Defendant ‘snapped’ as she felt ‘goaded’ by her brother

A WOMAN “snapped” and thrust a glass at her brother as she was busy making Christmas Day dinner.

Tracey McElrue became irritated with her sibling and her ex-partner who had both been drinking heavily as she tried to get on making the Christmas meal at her home in Consett.

Durham Crown Court heard that she, too, was drinking, but not to the extent of the others.

Chris Wood, prosecuting, said at one point as her brother approached she lashed out while holding a glass and caught him on the lower part of his head.

The court heard that while a call was made to the emergency services to report the incident, she was heard in the background saying she thought she had killed him.

Ambulance paramedics arrived to administer first aid at the scene to the 5cm laceration, and the victim was taken to hospital for further treatment, but he refused to provide a statement to assist the prosecution.

When arrested, McElrue told police: “Yes, I did it,” and in her interview she claimed her brother was being “obnoxious and argumentative” as she was trying to make the Christmas dinner.

She claimed she did not regret it, saying it did not bother her and it was all down to the way her brother had been “going on lately”.

Dr Wood said McElrue added: “Everyone has troubles, but he seems to think his are worse than anyone else’s.”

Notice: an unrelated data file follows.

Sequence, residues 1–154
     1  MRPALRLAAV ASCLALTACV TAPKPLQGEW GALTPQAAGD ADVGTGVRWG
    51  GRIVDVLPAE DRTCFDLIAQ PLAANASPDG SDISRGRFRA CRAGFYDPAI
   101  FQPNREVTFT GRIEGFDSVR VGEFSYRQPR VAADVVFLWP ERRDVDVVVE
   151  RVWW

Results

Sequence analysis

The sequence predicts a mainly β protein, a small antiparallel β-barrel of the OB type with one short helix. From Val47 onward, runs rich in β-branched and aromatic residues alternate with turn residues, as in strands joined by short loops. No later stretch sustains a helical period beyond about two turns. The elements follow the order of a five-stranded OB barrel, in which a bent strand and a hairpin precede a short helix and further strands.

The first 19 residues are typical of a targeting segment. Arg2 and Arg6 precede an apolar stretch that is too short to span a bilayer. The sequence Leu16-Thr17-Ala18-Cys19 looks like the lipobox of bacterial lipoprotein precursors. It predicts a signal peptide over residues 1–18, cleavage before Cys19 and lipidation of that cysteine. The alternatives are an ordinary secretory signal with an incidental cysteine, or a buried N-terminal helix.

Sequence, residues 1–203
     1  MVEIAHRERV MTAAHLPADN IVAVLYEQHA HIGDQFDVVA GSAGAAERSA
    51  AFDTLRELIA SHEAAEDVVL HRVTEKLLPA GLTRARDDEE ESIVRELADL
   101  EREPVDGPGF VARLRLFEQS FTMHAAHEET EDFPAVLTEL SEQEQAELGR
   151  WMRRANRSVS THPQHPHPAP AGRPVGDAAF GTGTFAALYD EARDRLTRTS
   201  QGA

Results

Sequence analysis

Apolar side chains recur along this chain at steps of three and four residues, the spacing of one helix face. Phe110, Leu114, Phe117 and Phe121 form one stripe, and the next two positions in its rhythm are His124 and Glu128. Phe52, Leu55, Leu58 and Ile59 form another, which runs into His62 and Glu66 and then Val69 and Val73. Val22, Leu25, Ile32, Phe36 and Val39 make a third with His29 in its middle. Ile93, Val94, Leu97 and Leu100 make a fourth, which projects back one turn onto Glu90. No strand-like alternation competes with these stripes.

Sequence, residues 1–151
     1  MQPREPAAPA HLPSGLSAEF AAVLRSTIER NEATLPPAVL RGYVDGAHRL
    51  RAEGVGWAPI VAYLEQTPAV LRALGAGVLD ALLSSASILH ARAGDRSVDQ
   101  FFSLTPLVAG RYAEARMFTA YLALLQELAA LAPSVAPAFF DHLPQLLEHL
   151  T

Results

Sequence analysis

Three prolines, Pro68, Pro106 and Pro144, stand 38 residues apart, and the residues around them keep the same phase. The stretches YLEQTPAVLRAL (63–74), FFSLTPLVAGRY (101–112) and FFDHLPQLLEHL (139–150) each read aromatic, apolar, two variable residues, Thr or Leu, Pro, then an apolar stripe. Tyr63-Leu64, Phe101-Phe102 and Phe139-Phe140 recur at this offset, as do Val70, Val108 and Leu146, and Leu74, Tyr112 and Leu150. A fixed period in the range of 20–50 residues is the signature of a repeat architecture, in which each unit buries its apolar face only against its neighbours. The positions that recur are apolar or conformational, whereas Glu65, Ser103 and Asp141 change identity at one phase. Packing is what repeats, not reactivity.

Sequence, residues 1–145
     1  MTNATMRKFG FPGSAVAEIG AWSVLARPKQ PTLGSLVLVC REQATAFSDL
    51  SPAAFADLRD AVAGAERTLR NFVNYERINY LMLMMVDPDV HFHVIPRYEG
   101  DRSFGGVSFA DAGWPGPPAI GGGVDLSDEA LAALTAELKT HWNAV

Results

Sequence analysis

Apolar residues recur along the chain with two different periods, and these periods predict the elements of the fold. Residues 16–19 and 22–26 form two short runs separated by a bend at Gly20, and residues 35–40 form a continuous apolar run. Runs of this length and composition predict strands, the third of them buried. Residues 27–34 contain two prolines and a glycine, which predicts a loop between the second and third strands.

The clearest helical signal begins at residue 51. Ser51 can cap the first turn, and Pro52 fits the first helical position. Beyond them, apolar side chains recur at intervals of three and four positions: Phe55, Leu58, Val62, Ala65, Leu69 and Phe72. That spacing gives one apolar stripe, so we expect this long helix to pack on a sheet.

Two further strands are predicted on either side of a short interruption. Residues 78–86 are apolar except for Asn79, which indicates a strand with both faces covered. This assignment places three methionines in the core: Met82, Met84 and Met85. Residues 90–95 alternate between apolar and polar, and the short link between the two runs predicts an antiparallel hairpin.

The 52-year-old defendant, of Sherburn Terrace, admitted unlawful wounding.

Paul Cross, mitigating, said her brother and ex-partner were both “extremely drunk” and she felt she was being wound up by them.

“She was trying to cook a Christmas meal and was being goaded by them and she accepted she lashed out, and just snapped after years of pressure.”

Mr Cross said the defendant is a cleaner for the National Health Service, at a clinic at Shotley Bridge, but also child minds and acts as a carer for a member of her family.

Judge James Adkin told Mr Cross that he would not pass an immediate prison sentence, but said the defendant, “needs a reminder that it’s not a good idea to take a glass to someone”.

He told McElrue: “You are a woman of mature years with very little criminal history to your name.

“On Christmas Day, when under stress trying to cook Christmas dinner for the family, you were rowing with them, and, as your brother came towards you, you hit them with a glass causing a cut to the neck.

“It’s obviously exceptionally dangerous to put something sharp to someone’s neck. You and he are fortunate that no more serious injury was caused.”

He imposed a 12-month prison sentence, but as he considers she does not pose, “a significant risk” to the public, he could suspend it for two years, during which she must perform 100-hours’ unpaid work. She must also complete 20 probation-led rehabilitation activity days.

The Northern Echo | Durham